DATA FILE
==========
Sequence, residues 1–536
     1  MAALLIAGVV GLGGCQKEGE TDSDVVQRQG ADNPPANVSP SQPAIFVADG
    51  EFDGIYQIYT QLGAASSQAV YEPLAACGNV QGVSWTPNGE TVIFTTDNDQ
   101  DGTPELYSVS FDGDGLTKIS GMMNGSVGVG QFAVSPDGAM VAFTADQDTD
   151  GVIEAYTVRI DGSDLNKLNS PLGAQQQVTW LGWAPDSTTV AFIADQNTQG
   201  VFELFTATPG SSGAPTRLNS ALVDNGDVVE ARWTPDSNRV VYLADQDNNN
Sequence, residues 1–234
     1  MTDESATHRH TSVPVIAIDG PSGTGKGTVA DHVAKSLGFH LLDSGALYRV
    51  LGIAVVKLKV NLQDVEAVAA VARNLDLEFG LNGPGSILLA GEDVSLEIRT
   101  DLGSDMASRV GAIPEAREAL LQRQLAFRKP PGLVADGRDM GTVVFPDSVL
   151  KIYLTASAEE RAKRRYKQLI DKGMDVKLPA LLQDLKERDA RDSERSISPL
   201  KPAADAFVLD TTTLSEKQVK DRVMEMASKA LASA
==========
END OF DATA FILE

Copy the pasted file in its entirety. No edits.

Sequence, residues 1–536
     1  MAALLIAGVV GLGGCQKEGE TDSDVVQRQG ADNPPANVSP SQPAIFVADG
    51  EFDGIYQIYT QLGAASSQAV YEPLAACGNV QGVSWTPNGE TVIFTTDNDQ
   101  DGTPELYSVS FDGDGLTKIS GMMNGSVGVG QFAVSPDGAM VAFTADQDTD
   151  GVIEAYTVRI DGSDLNKLNS PLGAQQQVTW LGWAPDSTTV AFIADQNTQG
   201  VFELFTATPG SSGAPTRLNS ALVDNGDVVE ARWTPDSNRV VYLADQDNNN
Sequence, residues 1–234
     1  MTDESATHRH TSVPVIAIDG PSGTGKGTVA DHVAKSLGFH LLDSGALYRV
    51  LGIAVVKLKV NLQDVEAVAA VARNLDLEFG LNGPGSILLA GEDVSLEIRT
   101  DLGSDMASRV GAIPEAREAL LQRQLAFRKP PGLVADGRDM GTVVFPDSVL
   151  KIYLTASAEE RAKRRYKQLI DKGMDVKLPA LLQDLKERDA RDSERSISPL
   201  KPAADAFVLD TTTLSEKQVK DRVMEMASKA LASA